Paul McCartney was introduced as the first artist signed to Starbucks Corp.'s new record label, lending an iconic nameplate to the coffeehouse giant's latest entertainment venture.
The former Beatle, who made an appearance Wednesday over a video feed from London at the company's annual meeting, said he expects to release his next album on Starbucks' new Hear Music label in early June.
McCartney said he was impressed with Hear Music's push to use Starbucks' 13,500 retail outlets as part of its sales plan. He also praised the company's dedication. "For me, the great thing is the commitment and the passion and the love of music, which as an artist is good to see," he said.
The company said McCartney was signing a one-album deal with Hear Music, the partnership between Seattle-based Starbucks and Concord Music Group announced last week. Financial terms were not disclosed.
McCartney's rights to his previous song catalogue are not part of the deal with Starbucks, said Ken Lombard, president of Starbucks' entertainment unit. McCartney most recently released records through EMI Group PLC.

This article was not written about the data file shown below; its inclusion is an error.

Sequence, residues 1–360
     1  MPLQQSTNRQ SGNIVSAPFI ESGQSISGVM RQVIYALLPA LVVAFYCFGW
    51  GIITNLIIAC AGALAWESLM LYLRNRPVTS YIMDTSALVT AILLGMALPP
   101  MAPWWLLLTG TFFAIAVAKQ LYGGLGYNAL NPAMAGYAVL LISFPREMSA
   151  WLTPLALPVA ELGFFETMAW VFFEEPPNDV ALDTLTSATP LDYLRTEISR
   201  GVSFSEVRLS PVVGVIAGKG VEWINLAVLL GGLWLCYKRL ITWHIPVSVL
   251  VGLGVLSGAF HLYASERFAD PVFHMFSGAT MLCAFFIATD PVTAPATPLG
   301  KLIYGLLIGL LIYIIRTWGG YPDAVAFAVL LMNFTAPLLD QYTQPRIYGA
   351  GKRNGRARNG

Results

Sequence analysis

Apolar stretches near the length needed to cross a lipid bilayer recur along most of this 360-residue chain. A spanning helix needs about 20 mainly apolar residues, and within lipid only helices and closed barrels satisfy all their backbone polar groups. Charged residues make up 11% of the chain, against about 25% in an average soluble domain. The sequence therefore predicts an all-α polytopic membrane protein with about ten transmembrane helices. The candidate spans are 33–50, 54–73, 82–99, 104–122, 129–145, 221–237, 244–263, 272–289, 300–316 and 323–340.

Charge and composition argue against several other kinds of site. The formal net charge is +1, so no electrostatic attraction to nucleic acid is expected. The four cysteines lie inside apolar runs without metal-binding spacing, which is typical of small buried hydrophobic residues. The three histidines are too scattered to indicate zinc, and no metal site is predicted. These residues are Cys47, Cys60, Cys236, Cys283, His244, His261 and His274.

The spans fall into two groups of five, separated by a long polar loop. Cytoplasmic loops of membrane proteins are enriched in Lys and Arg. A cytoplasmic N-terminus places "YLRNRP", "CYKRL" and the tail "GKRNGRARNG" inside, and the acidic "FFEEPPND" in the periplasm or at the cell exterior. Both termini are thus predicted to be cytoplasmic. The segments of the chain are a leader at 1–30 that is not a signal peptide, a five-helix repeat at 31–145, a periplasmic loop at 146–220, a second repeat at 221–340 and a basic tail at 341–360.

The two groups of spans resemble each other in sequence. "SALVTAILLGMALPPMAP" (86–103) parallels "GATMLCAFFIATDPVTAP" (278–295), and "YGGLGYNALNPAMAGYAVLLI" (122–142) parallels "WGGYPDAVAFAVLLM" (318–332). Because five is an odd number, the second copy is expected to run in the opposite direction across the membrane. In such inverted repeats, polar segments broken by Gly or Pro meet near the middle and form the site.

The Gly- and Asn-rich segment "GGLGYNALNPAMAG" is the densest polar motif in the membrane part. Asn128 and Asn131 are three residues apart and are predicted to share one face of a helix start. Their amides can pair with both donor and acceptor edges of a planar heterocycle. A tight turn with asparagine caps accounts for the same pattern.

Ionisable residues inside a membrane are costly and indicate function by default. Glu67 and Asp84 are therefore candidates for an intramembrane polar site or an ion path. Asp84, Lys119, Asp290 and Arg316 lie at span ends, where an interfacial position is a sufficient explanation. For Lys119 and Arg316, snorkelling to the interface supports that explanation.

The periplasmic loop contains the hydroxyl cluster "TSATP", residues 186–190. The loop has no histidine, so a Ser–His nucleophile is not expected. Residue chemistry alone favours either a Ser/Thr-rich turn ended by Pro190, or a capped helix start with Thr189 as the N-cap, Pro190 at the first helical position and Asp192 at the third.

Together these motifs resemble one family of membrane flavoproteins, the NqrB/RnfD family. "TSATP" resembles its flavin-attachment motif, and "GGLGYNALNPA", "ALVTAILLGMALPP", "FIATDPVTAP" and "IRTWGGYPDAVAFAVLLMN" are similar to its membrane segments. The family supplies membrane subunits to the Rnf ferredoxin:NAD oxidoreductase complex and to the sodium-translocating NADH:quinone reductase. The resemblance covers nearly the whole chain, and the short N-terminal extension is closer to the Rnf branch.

The label plans to sell albums through traditional and digital music outlets, with no advance sales and no additional content for Starbucks stores. Rather than overshadowing the next artists to join the label, McCartney could serve as an "anchor" artist who may help sway other musicians to the label, said Geoff Mayfield, a senior analyst for Billboard magazine.
"I can't criticise them for choosing a Beatle to start their enterprise," Mayfield said. The McCartney announcement is another big step for Starbucks' attempts to spin part of its consumer appeal into the entertainment business. The coffeehouse chain already has produced and sold some albums, markets books, and helped develop a feature-length movie. Lombard said Starbucks Entertainment is currently profitable. Hear Music has been used as a brand on other releases developed for sale in Starbucks stores.
The coffee giant also has a branded page on Apple Inc.'s iTunes digital music store, and it has a handful of hybrid music-and-coffee stores that allow customers to burn tracks to CDs. Concord, which controls several other labels, helped Starbucks sell the Grammy-winning "Genius Loves Company," an album of Ray Charles duets. Lombard said Hear Music has been in talks with other artists and expects to sign two more this year and another eight next year.